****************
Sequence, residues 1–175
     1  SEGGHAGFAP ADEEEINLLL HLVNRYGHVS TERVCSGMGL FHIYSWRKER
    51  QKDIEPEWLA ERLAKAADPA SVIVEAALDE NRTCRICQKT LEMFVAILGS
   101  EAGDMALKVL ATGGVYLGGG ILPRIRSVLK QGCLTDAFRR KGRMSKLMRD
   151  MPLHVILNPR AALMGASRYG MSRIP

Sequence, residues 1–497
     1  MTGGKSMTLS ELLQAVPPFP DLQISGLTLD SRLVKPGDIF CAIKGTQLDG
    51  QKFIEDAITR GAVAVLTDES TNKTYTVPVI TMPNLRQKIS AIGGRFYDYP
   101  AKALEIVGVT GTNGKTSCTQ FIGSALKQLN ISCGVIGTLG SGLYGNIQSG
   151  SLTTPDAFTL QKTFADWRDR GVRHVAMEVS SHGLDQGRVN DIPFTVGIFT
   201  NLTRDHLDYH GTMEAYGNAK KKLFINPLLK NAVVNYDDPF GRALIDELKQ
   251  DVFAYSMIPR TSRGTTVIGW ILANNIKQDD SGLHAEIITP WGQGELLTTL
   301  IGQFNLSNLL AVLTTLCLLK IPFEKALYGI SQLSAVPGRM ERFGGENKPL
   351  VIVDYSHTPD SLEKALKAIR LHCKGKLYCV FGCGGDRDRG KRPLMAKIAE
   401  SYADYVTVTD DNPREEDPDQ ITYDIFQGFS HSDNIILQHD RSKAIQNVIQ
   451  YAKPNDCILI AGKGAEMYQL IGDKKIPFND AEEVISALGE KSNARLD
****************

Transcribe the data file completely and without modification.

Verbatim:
Sequence, residues 1–175
     1  SEGGHAGFAP ADEEEINLLL HLVNRYGHVS TERVCSGMGL FHIYSWRKER
    51  QKDIEPEWLA ERLAKAADPA SVIVEAALDE NRTCRICQKT LEMFVAILGS
   101  EAGDMALKVL ATGGVYLGGG ILPRIRSVLK QGCLTDAFRR KGRMSKLMRD
   151  MPLHVILNPR AALMGASRYG MSRIP

Sequence, residues 1–497
     1  MTGGKSMTLS ELLQAVPPFP DLQISGLTLD SRLVKPGDIF CAIKGTQLDG
    51  QKFIEDAITR GAVAVLTDES TNKTYTVPVI TMPNLRQKIS AIGGRFYDYP
   101  AKALEIVGVT GTNGKTSCTQ FIGSALKQLN ISCGVIGTLG SGLYGNIQSG
   151  SLTTPDAFTL QKTFADWRDR GVRHVAMEVS SHGLDQGRVN DIPFTVGIFT
   201  NLTRDHLDYH GTMEAYGNAK KKLFINPLLK NAVVNYDDPF GRALIDELKQ
   251  DVFAYSMIPR TSRGTTVIGW ILANNIKQDD SGLHAEIITP WGQGELLTTL
   301  IGQFNLSNLL AVLTTLCLLK IPFEKALYGI SQLSAVPGRM ERFGGENKPL
   351  VIVDYSHTPD SLEKALKAIR LHCKGKLYCV FGCGGDRDRG KRPLMAKIAE
   401  SYADYVTVTD DNPREEDPDQ ITYDIFQGFS HSDNIILQHD RSKAIQNVIQ
   451  YAKPNDCILI AGKGAEMYQL IGDKKIPFND AEEVISALGE KSNARLD